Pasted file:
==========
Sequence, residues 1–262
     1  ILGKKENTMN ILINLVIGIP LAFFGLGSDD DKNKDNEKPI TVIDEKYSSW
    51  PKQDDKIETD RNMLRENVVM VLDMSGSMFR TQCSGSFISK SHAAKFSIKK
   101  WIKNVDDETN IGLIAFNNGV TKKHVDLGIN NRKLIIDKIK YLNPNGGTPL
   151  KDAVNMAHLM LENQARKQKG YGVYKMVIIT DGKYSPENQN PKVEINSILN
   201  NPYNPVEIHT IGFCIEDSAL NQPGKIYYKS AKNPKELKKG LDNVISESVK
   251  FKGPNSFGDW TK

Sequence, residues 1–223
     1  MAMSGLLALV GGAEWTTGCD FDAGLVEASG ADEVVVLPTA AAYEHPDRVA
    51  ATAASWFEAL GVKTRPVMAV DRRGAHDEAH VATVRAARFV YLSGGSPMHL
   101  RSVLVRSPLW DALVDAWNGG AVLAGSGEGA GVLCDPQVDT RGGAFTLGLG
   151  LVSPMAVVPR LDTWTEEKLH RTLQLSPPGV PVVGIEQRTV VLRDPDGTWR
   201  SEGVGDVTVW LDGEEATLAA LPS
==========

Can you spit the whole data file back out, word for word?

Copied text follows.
Sequence, residues 1–262
     1  ILGKKENTMN ILINLVIGIP LAFFGLGSDD DKNKDNEKPI TVIDEKYSSW
    51  PKQDDKIETD RNMLRENVVM VLDMSGSMFR TQCSGSFISK SHAAKFSIKK
   101  WIKNVDDETN IGLIAFNNGV TKKHVDLGIN NRKLIIDKIK YLNPNGGTPL
   151  KDAVNMAHLM LENQARKQKG YGVYKMVIIT DGKYSPENQN PKVEINSILN
   201  NPYNPVEIHT IGFCIEDSAL NQPGKIYYKS AKNPKELKKG LDNVISESVK
   251  FKGPNSFGDW TK

Sequence, residues 1–223
     1  MAMSGLLALV GGAEWTTGCD FDAGLVEASG ADEVVVLPTA AAYEHPDRVA
    51  ATAASWFEAL GVKTRPVMAV DRRGAHDEAH VATVRAARFV YLSGGSPMHL
   101  RSVLVRSPLW DALVDAWNGG AVLAGSGEGA GVLCDPQVDT RGGAFTLGLG
   151  LVSPMAVVPR LDTWTEEKLH RTLQLSPPGV PVVGIEQRTV VLRDPDGTWR
   201  SEGVGDVTVW LDGEEATLAA LPS